Nanomaterials and Nanotechnology

– Today nanomaterials are everywhere; in sunscreens, socks, sportswear, washing machines, toys, and even as a film inside milk cartons, says Maria. – Look for instance at nanosilver. Today we use silver nanoparticles as an antibacterial technology in socks. When we wash the socks, the silver goes out with the wastewater and ends up in the ecosystem.  The  nanoparticles are so small that they can pass through cell membranes. We don’t know what effects they may have on us or the environment in the long run.

– Nanotechnology gives us endless possibilities, but also unknown effects, she states. – Nanomedicine is a good example. The nanoparticles can pass through cell membranes to kill cancer cells, but as the nanoparticles are very small they are very reactive with other substances, and their properties can be both beneficial and harmful. It’s like flipping a coin.

One of the ways nanoparticles act and cause health effects is via oxidative stress. This can damage both cell membranes, proteins and DNA. If such injuries pile up they may result in damage to organs and systems where cells are involved. Oxidative stress can cause inflammation, cytotoxicity (cell damage) and apoptosis (programmed cell death).

Effects on the human body

Although NILU is an environmental research institute, and pollutants are one of our core areas, the institute is first and foremost associated with air quality and air pollution. Is there an obvious link to the Health Effects Laboratory?

– NILU is monitoring emerging pollutants, including contaminants in air. In the Health Effects Laboratory, we can test how the different compounds present in the air affects the human body by testing them on cells from lungs, says Maria.

Maria and her colleagues at the Health Effects Laboratory use cells from lungs, kidneys or other organs and expose them for example with pollutants, micro particles or nanomaterials. They test whether these compounds are harmful or destructive to the cells, or if they lead to damage in DNA, cause gene mutations or are carcinogenic.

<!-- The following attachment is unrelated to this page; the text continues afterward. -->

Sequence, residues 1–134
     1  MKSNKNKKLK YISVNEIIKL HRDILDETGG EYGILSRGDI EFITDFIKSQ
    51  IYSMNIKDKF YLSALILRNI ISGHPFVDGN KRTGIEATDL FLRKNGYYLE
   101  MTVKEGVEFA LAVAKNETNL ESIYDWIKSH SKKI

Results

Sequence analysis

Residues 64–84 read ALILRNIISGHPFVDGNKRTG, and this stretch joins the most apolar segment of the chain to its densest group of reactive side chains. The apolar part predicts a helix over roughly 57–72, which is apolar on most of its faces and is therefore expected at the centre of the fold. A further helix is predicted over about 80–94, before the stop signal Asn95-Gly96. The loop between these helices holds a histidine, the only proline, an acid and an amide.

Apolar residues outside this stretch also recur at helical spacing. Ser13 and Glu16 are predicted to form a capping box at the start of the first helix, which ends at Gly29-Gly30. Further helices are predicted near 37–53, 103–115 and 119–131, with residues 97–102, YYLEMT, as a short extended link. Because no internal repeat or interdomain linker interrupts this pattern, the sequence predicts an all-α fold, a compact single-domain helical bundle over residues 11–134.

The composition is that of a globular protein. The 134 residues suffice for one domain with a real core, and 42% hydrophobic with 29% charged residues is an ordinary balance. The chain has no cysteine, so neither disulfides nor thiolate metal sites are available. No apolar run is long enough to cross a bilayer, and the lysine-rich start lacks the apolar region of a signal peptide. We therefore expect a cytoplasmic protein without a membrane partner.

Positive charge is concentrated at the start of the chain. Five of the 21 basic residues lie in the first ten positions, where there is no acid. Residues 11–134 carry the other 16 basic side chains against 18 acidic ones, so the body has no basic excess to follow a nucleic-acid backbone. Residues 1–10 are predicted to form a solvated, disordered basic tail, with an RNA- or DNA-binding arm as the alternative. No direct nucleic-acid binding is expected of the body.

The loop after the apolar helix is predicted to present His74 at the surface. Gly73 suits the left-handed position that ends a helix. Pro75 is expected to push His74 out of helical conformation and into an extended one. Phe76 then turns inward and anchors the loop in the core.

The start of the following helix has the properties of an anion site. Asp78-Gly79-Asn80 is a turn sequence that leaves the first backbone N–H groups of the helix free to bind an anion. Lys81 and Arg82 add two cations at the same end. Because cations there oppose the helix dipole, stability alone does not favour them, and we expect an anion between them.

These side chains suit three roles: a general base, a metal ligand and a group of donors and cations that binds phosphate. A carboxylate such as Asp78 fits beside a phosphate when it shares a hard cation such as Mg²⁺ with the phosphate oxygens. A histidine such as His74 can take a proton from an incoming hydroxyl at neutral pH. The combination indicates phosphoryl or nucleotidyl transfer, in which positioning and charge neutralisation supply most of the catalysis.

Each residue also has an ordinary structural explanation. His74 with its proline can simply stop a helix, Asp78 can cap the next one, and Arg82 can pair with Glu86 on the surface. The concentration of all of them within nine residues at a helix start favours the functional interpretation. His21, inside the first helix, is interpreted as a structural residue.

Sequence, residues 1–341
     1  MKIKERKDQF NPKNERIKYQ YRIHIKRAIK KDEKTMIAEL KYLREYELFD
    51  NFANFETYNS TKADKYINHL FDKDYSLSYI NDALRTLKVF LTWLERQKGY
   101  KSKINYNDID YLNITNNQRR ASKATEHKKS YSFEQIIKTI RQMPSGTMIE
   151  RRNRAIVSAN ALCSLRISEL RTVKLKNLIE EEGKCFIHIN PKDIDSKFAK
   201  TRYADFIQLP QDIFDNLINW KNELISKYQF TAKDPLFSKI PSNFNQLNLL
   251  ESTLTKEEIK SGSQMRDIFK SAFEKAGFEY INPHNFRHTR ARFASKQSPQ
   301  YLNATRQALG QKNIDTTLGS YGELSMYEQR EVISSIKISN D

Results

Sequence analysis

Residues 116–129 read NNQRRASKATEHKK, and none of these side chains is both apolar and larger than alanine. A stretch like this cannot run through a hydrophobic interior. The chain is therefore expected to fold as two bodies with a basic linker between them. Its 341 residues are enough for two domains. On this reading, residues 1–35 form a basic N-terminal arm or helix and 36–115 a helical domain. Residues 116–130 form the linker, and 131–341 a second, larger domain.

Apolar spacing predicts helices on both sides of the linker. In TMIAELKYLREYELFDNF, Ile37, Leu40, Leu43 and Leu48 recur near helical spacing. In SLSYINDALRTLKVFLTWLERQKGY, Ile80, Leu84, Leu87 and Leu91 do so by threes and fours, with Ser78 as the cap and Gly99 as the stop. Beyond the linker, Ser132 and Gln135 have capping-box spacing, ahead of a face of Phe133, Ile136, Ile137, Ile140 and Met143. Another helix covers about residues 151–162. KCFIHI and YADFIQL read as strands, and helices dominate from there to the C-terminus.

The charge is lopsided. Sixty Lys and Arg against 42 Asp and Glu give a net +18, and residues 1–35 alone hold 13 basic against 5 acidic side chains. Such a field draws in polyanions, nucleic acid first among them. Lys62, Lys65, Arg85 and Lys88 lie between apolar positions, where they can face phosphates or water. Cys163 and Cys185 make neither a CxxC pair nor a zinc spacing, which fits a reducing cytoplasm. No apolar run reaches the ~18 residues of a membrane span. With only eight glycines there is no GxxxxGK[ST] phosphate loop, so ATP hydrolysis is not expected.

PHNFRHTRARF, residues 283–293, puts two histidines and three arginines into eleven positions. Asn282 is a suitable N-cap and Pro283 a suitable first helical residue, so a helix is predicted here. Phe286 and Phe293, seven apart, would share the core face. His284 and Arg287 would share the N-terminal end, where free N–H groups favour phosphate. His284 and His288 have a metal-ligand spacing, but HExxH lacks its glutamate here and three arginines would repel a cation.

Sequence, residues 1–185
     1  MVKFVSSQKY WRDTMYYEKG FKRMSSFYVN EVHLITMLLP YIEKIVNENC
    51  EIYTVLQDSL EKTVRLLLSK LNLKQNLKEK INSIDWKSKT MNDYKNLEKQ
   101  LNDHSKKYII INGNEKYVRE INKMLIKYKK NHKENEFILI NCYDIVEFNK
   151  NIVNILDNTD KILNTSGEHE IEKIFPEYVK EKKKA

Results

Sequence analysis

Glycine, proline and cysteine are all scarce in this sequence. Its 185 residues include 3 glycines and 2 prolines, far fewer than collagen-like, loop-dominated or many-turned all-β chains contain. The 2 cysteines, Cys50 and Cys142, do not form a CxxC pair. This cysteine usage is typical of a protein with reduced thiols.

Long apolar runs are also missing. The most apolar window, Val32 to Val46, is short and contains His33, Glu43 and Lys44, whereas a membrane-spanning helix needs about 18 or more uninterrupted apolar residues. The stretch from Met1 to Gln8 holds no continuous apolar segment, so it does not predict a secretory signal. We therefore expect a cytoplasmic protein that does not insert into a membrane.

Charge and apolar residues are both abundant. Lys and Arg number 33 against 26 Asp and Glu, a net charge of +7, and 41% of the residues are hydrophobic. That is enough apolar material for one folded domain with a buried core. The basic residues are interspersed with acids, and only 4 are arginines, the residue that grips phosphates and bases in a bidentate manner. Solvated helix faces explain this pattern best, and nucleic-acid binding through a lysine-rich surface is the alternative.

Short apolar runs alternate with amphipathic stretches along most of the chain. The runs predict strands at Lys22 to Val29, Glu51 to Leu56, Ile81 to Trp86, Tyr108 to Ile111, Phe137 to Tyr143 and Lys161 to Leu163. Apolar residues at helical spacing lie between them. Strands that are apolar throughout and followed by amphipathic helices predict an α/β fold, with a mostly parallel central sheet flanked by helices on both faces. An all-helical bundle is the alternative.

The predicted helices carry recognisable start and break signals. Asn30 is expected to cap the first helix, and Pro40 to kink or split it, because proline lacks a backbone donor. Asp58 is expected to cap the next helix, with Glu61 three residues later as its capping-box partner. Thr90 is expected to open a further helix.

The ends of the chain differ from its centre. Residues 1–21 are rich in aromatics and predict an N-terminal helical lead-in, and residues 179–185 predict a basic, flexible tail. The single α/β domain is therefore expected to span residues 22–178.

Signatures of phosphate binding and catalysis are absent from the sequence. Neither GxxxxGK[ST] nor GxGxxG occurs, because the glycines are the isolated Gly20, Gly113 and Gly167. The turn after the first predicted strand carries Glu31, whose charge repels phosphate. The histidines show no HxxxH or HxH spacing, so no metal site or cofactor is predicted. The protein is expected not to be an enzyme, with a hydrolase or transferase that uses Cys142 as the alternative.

They seek to control and understand the behavior, fate and effects of the particles. – We are looking at very small particles – from one to one hundred nanometers, Maria explains. – They come in any size, shape and surface. Because they are so small they are often very reactive with other substances, and the same substances may react differently with each other in the air, water or in the body. It’s fascinating!

New and better tests

The laboratory has developed new and better methods and continuously works towards more efficient, robust and faster tests. All tests are in vitro. This means that they test on cell cultures in glass or petri dishes, and not on animals or humans. – It is cheaper, gives faster results and is more ethical, says Maria.
– I feel like I have moved in a loop, she continues. – After ten years of human molecular epidemiology studies, I am now back where I started: with in vitro testing.
When posed the question of which, in her opinion, are the biggest questions scientists need to find answers to regarding human health and the environment that surrounds us, she does not pause to think.

– We need to understand all the factors to make our lives healthier. We grow older, we live longer. We need to find the conditions that make also old life healthy. Not only lifestyle, nutrition, society and environment. We must identify the most harmful factors to avoid disease. The full picture. It depends on genetics too, and heritage, and environment. The combination is what is important!